Got your dream job and yet there is something amiss? Your dream job may not be your goal
"Have we ever considered that the ‘earning a living’ part could well have been just the first step and the ultimate goal lies somewhere else?"
We are Indians. We are wired to direct our lives toward earning a livelihood. And if you have ever dared to step out of this box, you would know how hard it could be. Right from school we begin searching for an answer to one perennial question –what do you want to be when you grow up? The question might have been asked slightly differently, like what is the goal of your life. But then again, the word ‘goal’ is often misunderstood as profession. The root of this misconception lies in the duress we are put into to earn a living. We stop seeing goals that are beyond monetary gains. We keep trying to convince ourselves that the profession we dreamt about from our childhood is our goal. And we keep looking for satisfaction in it, while the real goal rests in oblivion. No denying that for some people being in one kind of job could be their goal. But for most it isn’t. The goal is often not so direct. It’s deeper and sometimes vastly incomprehensible.
It’s upon us to take a look inside and wonder if we are satisfied and if there is nothing more that we want from life. We need to ask ourselves, have we achieved true happiness? -The one that only arrives when we actually get to the real goal. If we are that satisfied, well and good but if we aren’t then know one thing for sure, the goal hasn’t been conquered yet. Getting to that dream job gets one that momentary happiness that fades away in a while. And often we stop looking and searching for answers to ‘what is amiss?’ because we are too occupied in the routine. Have we ever considered that the ‘earning a living’ part could well have been just the first step and the ultimate goal lies somewhere else? Our profession is often the route to the goal and we misunderstand it as the goal itself. It’s possible that one guy saw his parents barely managing to pay rent of a rented apartment as he grew up. And he unknowingly pledged to remove those crinkles of stress from his parent’s forehead. He grows up, earns enough and buys a house for his parents –goal achieved, one craving that he had right from his childhood. He chose to be a lawyer, doctor or whatever else was of importance but was never his ultimate goal. The goal was to make his parents happy.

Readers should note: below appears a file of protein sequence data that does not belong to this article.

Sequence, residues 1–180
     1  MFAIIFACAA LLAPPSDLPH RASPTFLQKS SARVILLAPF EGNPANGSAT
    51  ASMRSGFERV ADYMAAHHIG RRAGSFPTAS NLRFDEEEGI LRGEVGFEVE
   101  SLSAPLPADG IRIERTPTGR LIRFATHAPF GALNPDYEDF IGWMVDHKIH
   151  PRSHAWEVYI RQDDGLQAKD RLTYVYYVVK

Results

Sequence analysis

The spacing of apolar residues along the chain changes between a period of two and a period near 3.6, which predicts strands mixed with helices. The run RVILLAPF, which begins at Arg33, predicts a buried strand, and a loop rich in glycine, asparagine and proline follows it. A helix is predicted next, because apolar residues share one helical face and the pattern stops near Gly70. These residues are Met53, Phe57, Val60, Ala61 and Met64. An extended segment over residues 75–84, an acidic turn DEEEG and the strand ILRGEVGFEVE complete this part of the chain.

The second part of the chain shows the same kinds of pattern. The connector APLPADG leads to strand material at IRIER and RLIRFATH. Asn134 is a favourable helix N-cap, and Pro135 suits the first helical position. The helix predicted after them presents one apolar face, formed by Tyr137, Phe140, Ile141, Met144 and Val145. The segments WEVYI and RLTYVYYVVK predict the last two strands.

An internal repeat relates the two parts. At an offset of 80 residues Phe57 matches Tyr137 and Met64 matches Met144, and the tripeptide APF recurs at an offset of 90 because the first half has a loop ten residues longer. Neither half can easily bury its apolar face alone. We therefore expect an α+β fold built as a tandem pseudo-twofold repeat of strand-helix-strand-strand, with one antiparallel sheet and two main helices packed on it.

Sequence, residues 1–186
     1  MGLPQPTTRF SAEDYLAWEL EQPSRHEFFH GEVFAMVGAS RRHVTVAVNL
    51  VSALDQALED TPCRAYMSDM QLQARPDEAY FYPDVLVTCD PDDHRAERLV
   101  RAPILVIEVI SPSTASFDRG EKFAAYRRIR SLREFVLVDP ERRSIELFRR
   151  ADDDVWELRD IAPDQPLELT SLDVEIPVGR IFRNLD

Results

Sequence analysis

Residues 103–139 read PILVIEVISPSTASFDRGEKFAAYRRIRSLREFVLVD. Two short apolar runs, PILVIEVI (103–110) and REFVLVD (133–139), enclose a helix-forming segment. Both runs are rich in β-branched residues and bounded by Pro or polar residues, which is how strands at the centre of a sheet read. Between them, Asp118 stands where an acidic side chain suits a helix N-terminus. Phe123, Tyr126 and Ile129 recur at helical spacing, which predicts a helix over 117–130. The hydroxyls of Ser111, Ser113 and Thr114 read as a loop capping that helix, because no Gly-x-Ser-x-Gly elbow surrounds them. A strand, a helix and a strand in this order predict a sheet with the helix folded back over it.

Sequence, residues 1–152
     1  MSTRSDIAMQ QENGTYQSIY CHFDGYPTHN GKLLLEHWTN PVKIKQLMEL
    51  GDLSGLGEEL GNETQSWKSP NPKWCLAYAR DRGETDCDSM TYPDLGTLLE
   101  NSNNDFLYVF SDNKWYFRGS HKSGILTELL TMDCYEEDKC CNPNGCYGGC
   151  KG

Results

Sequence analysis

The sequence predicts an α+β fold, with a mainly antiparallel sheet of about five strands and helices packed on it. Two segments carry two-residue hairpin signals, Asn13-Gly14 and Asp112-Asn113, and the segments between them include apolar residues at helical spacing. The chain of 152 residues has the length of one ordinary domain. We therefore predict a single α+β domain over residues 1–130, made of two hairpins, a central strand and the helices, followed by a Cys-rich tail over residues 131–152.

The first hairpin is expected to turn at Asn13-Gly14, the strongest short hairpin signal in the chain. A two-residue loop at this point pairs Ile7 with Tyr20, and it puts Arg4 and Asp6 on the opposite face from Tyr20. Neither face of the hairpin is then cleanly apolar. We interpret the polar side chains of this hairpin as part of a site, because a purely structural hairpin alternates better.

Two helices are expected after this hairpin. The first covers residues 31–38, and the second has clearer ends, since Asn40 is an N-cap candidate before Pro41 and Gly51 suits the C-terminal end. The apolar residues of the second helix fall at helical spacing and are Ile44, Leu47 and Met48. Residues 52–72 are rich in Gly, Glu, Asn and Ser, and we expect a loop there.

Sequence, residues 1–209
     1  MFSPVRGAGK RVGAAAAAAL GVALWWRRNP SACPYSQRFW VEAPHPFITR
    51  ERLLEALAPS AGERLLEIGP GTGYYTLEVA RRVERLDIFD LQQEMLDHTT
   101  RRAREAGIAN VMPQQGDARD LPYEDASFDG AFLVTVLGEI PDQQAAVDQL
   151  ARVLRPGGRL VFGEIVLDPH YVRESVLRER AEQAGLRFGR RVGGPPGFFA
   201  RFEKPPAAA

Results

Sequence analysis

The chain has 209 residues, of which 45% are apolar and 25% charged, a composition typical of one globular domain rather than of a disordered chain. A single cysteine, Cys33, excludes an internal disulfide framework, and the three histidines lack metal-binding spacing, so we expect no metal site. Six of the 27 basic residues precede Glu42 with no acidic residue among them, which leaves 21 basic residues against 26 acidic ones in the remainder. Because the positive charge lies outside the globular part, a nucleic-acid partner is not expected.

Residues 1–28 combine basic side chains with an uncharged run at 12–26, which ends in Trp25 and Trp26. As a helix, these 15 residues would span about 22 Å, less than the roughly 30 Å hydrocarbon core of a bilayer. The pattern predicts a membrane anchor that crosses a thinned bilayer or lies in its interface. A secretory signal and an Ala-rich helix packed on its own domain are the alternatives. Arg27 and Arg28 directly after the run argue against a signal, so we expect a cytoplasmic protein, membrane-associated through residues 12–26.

Similarly, a girl who has overcome an abusive relationship has a strong yearning of true love engraved in her heart. And there is no embarrassment in accepting that for some people true love, care and compassion –just a hand of tenderness could be the ultimate goal. She may do well in her professional life, earn handsomely and that’s important but still remain unsatisfied because what she desires most is a true, affectionate relationship. Another girl in her place could have made an ‘independent life’ her ultimate goal. It’s just about the way our heart beats.
The point in all this is quite simple. Goal of our lives can well be materialistic, monetary or emotional in nature. We just need to keep looking. Accepting dissatisfaction as part of life is the biggest disservice one can do to oneself. So let’s go out there, give our best in whatever we do and discover and hunt down that ultimate goal!